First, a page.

The Future: If Miley can prove that the strides he made at Mobile were for real, he could get his first big league callup in 2011. Arizona needs pitching, and he'll be just one level away in Triple-A.
2010 Club (Class) W L ERA G GS CG SV IP H HR BB SO AVG
Visalia (Hi A) 4 5 3.25 14 14 0 0 80 81 1 37 50 .266
Mobile (AA) 5 2 1.98 13 13 0 0 73 60 5 28 63 .232
9.  Patrick Corbin, lhp   Born: July 19, 1989B-T: L-LHt: 6-3Wt: 165
 Drafted: Chipola (Fla.) JC, 2009 (2nd round)Signed by: Tom Kotchman (Angels)
Patrick CorbinBackground: While Tyler Skaggs was the centerpiece of the Dan Haren trade from the Diamondbacks' perspective, Corbin could give them a second lefty starter out of the deal. He began his college career playing baseball and basketball at Mohawk Valley (N.Y.) CC in 2008 before transferring to Chipola (Fla.) JC and going in the second round the following year. Because Corbin already had pitched 118 innings at the time of the trade, Arizona limited him to three innings per start afterward.

Scouting Report: Corbin's fastball ranges from 88-92 mph with very good movement. He has the ability to throw nothing but fastballs for long periods because it tails and sinks and is never straight. Both of his secondary pitches have the potential to become at least solid if not more, and his slider currently rates ahead of his changeup. Corbin commands all three of his pitches, has an athletic delivery and possesses a feel for his craft. He has a projectable body, though there are questions about whether his slight build will allow him to hold up over a full season in the rotation.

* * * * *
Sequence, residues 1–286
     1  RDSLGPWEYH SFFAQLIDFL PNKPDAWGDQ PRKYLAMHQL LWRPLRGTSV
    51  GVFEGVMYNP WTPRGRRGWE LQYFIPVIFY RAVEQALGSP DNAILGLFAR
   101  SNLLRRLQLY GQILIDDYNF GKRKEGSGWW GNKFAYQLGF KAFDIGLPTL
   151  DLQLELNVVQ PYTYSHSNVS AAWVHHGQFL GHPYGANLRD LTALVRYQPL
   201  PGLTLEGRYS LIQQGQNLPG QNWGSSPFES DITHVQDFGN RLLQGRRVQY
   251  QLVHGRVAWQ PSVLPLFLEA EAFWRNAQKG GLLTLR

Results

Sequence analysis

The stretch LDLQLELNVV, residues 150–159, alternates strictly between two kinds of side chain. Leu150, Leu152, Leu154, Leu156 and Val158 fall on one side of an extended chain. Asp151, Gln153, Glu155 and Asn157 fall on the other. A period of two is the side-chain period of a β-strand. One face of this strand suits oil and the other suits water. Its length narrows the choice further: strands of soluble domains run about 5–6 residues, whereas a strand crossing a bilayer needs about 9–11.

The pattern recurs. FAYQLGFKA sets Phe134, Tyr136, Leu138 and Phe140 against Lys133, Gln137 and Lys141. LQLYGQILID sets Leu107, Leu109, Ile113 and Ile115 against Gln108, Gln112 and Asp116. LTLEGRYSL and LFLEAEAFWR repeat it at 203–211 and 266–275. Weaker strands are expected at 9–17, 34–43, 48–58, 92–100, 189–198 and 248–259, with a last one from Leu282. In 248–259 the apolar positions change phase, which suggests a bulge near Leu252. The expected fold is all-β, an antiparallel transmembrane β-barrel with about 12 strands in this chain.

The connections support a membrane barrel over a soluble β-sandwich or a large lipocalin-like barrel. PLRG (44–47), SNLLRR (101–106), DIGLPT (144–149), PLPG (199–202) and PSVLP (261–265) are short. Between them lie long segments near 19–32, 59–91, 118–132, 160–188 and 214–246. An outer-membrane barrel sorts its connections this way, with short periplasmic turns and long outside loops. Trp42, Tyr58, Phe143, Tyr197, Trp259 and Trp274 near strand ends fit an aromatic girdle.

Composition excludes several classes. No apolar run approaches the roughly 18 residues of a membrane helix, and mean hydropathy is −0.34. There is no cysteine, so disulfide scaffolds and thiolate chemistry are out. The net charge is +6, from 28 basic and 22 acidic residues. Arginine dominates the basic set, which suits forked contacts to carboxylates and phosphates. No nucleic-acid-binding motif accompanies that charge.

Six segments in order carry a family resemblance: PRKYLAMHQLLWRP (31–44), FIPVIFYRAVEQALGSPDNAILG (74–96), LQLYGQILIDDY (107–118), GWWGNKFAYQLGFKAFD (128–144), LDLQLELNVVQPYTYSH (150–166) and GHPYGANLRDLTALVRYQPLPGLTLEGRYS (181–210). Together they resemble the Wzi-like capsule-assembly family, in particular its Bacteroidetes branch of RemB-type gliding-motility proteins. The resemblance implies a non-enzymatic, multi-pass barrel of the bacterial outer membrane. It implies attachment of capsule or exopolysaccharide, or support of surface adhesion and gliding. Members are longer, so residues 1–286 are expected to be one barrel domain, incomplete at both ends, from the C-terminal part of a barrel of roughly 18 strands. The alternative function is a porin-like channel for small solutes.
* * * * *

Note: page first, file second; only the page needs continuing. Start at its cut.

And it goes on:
The Future: Corbin is ready for Double-A. He projects as a No. 3 or 4 starter and could get his first chance in the big leagues in 2012.
2010 Club (Class) W L ERA G GS CG SV IP H HR BB SO AVG
Cedar Rapids (Lo A) 8 0 3.86 9 9 0 0 58 52 2 10 42 .245
Rancho Cucamonga (Hi A) 5 3 3.88 11 11 0 0 60 57 7 18 64 .247
Visalia (Hi A) 0 1 1.38 8 8 0 0 26 17 1 9 30 .189
10.  Keon Broxton, of   Born: May 7, 1990B-T: R-RHt: 6-3Wt: 190
 Signed: Santa Fe (Fla.) CC, 2009 (3rd round)Signed by: Luke Wrenn
Keon BroxtonBackground: Broxton had a football scholarship to play wide receiver at Florida Atlantic, but decided to focus on baseball and attend Santa Fe (Fla.) CC after the Phillies drafted him in the 29th round out of high school in 2008. He went 26 rounds higher a year later, adding athleticism to a system sorely in need of toolsy up-the-middle talent.

Scouting Report: Broxton is a classic high-risk, high-reward player. For all his tools, he lacks baseball instincts and the ability to make consistent contact. He has a sound swing and a quick bat, but he struggles to recognize pitches and handle offspeed stuff. He's a free swinger who doesn't have much usable power, accumulating most of his extra-base hits with his above-average speed. Broxton has the raw ability to be a plus defender in center field, though he needs to upgrade his jumps and routes. He has arm strength but needs more accuracy on throws.

The Future: Broxton has one of the highest ceilings in the system and a lot of adjustments to make to get there. The Diamondbacks will be patient with him, as he's still only 20 and may need close to a full season at every minor league level. He figures to advance to high Class A in 2011.
2010 Club (Class) AVG OBP SLG AB R H 2B 3B HR RBI BB SO SB
South Bend (Lo A) .228 .316 .360 531 74 121 17 19 5 32 65 172 21